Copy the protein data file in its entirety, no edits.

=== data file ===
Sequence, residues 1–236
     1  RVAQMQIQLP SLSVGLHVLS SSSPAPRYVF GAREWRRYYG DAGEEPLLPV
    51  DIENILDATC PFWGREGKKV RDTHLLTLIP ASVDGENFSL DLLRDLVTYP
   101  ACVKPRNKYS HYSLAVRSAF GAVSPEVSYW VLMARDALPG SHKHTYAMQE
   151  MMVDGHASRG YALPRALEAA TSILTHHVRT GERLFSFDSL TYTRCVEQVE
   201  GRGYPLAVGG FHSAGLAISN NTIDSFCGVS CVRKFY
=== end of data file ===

Sequence, residues 1–236
     1  RVAQMQIQLP SLSVGLHVLS SSSPAPRYVF GAREWRRYYG DAGEEPLLPV
    51  DIENILDATC PFWGREGKKV RDTHLLTLIP ASVDGENFSL DLLRDLVTYP
   101  ACVKPRNKYS HYSLAVRSAF GAVSPEVSYW VLMARDALPG SHKHTYAMQE
   151  MMVDGHASRG YALPRALEAA TSILTHHVRT GERLFSFDSL TYTRCVEQVE
   201  GRGYPLAVGG FHSAGLAISN NTIDSFCGVS CVRKFY